But I'm getting off the subject. To answer your question, I'd say that my characters are tied significantly to my sense of compassion and empathy. If those characters exist in the midwest, then that's how it goes. I'm from the midwest, and there might be some truth to the idea that you can take the boy out of the midwest, but you can't take the midwest out of the boy. I spent a large part of my twenties and early thirties traveling, living on both coasts, and trying to absorb the differences. But I don't know: Maybe, like you say, the best I can do is see everything through the lens of a midwesterner. Ultimately, I'd like my characters to be linked to the greater country as a whole, not specific to the midwest. But it might be true that all I can write about with any real accuracy is the midwest. At any rate, I don't consciously write to be site-specific. In fact, all I just wrote only came to me now. WHile I'm working on a story, I don't know how much of any of it matters because, for me, writing comes from feeling more than thinking.
Have you been asked to work on anybody else's projects? What's your temperature toward collaborations?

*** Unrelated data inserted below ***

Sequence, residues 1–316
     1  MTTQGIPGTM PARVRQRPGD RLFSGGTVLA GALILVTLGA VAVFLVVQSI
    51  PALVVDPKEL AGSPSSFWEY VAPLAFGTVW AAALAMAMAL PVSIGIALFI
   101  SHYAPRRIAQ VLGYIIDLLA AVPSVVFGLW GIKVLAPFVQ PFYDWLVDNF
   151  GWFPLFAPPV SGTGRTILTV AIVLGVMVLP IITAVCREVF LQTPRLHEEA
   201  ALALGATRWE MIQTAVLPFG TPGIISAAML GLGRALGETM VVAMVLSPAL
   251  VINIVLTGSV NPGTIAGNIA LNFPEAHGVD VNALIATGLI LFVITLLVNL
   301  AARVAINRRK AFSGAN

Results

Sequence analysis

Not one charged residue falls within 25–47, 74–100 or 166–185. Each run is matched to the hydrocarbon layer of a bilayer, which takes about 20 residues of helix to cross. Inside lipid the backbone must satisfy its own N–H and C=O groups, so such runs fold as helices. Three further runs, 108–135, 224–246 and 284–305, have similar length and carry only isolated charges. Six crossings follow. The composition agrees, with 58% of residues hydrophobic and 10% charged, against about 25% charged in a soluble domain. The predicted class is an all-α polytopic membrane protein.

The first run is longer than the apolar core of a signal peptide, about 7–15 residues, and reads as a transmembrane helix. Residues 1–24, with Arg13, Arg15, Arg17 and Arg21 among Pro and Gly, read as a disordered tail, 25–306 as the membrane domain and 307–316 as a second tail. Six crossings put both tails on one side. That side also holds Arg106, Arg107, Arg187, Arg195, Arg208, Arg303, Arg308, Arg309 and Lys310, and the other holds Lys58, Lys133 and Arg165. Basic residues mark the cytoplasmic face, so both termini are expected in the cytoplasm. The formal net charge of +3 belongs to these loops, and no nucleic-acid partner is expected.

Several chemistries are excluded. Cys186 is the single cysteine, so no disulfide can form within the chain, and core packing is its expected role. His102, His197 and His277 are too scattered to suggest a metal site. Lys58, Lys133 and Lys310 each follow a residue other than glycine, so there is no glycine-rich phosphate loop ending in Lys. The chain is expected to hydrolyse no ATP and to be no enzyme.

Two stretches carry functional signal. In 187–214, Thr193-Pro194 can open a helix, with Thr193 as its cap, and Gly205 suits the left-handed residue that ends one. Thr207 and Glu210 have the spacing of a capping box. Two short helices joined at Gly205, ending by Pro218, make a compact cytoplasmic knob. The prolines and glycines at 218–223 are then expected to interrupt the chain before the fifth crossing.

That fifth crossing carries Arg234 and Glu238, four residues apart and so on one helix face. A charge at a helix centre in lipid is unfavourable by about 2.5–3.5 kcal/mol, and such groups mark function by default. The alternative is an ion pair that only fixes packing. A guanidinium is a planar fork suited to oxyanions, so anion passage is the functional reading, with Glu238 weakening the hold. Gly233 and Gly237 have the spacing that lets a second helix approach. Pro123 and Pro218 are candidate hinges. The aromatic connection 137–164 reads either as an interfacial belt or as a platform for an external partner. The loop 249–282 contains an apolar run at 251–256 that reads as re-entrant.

Yes, I've been asked to illustrate a number of different comics and animation projects, but I don't really have any interest in them. I'm not involved in comics for commercial reasons. If I was, it would've been the dumbest career move I ever made. I've done a Bizarro World piece for DC that dealt with the Justice League about five years ago. It was unexpectedly fun drawing Batman, Superman, Wonder Woman - those iconic superheroes that've been around since the beginning of the superhero genre. But I did it for the money, and I've never had a fascination with superheroes. I made my living for years as a freelance illustrator, right up to the publication of Abandoned Cars. I used to really enjoy illustrating, too, but with the publication of Abandoned Cars, something really profound happened to me. I felt like finally I'd finally created something that I was genuinely proud of in a way that I've never been proud of anything in quite the same way. It brought all of my interests in writing and drawing and communicating into sharp focus, and sort of showed me the path I should be on. Although I'm aware of the book's flaws, there's so much of how and what I want to communicate in it, everything else feels like a waste of time - and, the older I get (I'm going to be 40 next year), the more I think my time is the only thing I have that really matters in this life. Although I know that sounds absurd, Abandoned Cars helped me realize without question how I want to fill the majority of my creative time. So, no, I'm not interested in working on any material that isn't my own. There's one exception that involves a project I'm working on with a close friend, but I think that project connects very definitely with the other work I'm doing, and will find it's way into the next book. Comics is an extremely laborious practice: From concepting a story, to writing it, to scripting it, to working out panel breakdowns, and finally to inking it, the whole process takes a very, very long time. Even if a collaboration came along that was twice as strong as anything I could do on my own, it could never matter to me as much as a piece of work that was completely my own work. I just wouldn't have my heart in it the same way, ever. So why waste my time? Nothing, no amount of money, is worth it to me (much to my wife's chagrin). And I say these things with all humility. I certainly don't think that I'm God's gift to anything. I'm not a Prima Donna. I just feel that at some point in a creative person's life, they have to decide what matters the most, and for better or worse, I've decided that it's what I produce as an individual that will be the driving force in my life, even if I fail. There are so many things that come along causing gray areas - especially when money is concerned - the opportunity to make money. Whenever those kinds of opportunities arise, I try to imagine what Jack Kerouac would do, and it helps me answer some of those dilemmas. I imagine Charlie Parker hocking his good saxophone for a lousier one. I try to imagine what my idols would do. Sadly, most of my idols were maniacs, but then again maybe my own lunacy is what attracts me to those maniacs.